Background Femoroacetabular impingement (FAI) syndrome is one source of hip pain that can limit sport participation among athletes.
Objective To summarise the return to sport (RTS) rate for athletes after surgery for FAI syndrome.
Methods A computer-assisted search of MEDLINE, the Cumulative Index to Nursing and Allied Health Literature (CINAHL) and EMBASE databases was performed using keywords related to RTS and RTS at preinjury level (RTSPRE) of competition for FAI syndrome. The risk of bias in the included studies was assessed using the Methodological Index for Non-Randomized Studies scale.
Results 35 studies (1634 athletes/1828 hips) qualified for analysis. Based on evidence of limited to moderate strength (level 3b to 4 studies), athletes return to sport at preinjury level post surgery for FAI syndrome at a rate of only 74% (67%–81%). Only 37% of studies reported RTSPRE. The mean time from surgery to RTS was 7.0±2.6 months. The mean follow-up postsurgery was 28.1±15.5 months. Professional athletes returned to sport (p=0.0002) (although not the preinjury sport level; p=0.63) at a higher rate than collegiate athletes. Only 14% of studies reported on athletic presurgery and postsurgery athletic performance, which means it is impossible to comment on whether athletes return to their previous level of performance or not. No studies reported on the specific criteria used to permit players to return to sport. 20% of studies reported on career longevity, 51% reported surgical complications and 77% reported on surgical failures.
Conclusion There was limited to moderate evidence that one in four athletes did not return to their previous level of sport participation after surgery for FAI syndrome. Only 37% of the included studies clearly distinguished RTS from RTSPRE. Poor outcome reporting on athletic performance postsurgery makes it difficult to determine to what level of performance these athletes actually perform. Thus, if a player asks a surgeon ‘Will I get back to my previous level of performance?’ there are presently little to no published data from which to base an answer.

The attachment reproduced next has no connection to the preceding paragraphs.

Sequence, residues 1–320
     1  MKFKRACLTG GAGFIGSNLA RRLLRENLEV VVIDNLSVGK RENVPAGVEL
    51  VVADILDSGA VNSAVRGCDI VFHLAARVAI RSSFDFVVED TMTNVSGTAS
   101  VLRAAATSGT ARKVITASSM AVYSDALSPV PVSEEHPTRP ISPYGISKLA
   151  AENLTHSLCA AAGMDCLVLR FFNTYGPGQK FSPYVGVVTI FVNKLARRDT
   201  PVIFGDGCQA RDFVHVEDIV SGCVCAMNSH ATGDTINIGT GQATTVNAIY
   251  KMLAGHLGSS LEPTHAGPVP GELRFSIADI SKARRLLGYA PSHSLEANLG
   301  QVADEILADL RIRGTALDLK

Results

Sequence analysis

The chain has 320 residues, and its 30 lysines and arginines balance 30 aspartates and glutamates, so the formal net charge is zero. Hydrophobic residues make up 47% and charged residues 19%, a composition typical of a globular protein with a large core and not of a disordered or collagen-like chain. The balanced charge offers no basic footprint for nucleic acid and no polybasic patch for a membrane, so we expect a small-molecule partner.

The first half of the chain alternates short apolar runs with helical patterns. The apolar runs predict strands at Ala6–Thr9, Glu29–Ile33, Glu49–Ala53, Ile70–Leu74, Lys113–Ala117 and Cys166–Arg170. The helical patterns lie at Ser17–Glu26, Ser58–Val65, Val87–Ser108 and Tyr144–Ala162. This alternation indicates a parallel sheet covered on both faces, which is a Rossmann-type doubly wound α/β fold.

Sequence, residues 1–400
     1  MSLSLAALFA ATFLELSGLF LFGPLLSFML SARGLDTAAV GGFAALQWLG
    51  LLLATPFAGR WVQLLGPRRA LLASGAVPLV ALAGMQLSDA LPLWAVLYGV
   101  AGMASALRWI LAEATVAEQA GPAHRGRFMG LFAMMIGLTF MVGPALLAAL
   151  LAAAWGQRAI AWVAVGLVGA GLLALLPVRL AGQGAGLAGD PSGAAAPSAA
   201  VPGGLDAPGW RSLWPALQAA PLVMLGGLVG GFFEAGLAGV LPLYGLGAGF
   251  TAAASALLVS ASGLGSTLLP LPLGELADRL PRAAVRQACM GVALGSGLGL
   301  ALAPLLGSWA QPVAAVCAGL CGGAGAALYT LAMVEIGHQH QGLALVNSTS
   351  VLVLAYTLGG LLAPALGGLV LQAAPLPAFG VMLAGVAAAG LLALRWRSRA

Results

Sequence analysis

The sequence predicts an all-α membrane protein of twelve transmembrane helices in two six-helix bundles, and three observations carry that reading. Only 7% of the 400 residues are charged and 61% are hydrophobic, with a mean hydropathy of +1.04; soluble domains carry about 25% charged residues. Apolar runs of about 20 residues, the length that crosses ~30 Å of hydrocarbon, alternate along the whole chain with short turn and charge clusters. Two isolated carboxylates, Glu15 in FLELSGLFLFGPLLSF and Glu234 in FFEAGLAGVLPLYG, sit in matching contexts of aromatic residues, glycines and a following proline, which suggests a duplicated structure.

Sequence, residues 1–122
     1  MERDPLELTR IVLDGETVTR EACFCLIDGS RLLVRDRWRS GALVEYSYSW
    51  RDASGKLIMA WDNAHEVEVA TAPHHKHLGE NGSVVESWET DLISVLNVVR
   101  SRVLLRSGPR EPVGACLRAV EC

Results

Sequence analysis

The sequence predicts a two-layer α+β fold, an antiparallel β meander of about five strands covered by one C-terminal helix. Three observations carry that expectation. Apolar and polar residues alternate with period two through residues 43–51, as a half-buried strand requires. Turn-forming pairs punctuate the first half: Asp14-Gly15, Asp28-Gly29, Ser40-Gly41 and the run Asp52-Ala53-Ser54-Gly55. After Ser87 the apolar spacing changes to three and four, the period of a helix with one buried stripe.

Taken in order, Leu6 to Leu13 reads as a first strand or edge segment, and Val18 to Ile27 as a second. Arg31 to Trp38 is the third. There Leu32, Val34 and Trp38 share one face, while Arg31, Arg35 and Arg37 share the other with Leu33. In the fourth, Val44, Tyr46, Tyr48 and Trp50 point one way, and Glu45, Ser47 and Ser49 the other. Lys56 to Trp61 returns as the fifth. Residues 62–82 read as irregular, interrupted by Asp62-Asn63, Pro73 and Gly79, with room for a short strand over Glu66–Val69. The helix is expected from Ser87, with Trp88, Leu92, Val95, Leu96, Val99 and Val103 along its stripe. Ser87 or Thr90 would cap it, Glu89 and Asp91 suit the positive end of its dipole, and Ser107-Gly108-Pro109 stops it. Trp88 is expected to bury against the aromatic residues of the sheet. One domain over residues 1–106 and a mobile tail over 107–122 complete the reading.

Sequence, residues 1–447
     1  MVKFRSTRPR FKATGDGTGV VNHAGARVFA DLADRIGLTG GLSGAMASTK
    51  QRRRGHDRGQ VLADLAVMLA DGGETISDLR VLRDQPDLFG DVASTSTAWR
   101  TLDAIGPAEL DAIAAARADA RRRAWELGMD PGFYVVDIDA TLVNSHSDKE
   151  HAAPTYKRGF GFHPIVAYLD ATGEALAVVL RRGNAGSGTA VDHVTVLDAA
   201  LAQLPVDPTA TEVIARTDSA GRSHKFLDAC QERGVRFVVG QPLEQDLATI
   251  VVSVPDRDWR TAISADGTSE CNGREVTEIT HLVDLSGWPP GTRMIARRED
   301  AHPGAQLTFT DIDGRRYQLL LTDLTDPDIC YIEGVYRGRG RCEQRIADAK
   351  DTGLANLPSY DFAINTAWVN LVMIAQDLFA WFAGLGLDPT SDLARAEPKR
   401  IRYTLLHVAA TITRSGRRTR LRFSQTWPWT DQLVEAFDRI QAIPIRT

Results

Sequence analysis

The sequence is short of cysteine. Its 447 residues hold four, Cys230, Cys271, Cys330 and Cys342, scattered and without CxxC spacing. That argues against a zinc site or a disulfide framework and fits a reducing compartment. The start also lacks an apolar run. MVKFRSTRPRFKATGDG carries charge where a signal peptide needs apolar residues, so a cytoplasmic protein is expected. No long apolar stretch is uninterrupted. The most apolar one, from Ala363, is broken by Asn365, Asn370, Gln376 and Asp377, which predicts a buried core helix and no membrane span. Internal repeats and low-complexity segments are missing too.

PROSPERO registration number CRD42017072762.
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Contributors MPR contributed the idea of the manuscript, initial registration of review, initial search, review of data, initial drafting and editing of the manuscript. SP, JS and SH contributed to initial search, data extraction and editing of the manuscript. APG independently performed statistical analysis, as well as review and editing of the manuscript after analysis. RCM contributed to review and editing of the manuscript.
Funding This research received no specific grant from any funding agency in the public, commercial or not-for-profit sectors.
Competing interests RCM: consultant for Stryker and KNG Health Consulting; research support from Zimmer and AOSSM; and board position on North Carolina Orthopaedic Association.
Patient consent Not required.
Provenance and peer review Not commissioned; externally peer reviewed.
Data sharing statement Data available upon request.
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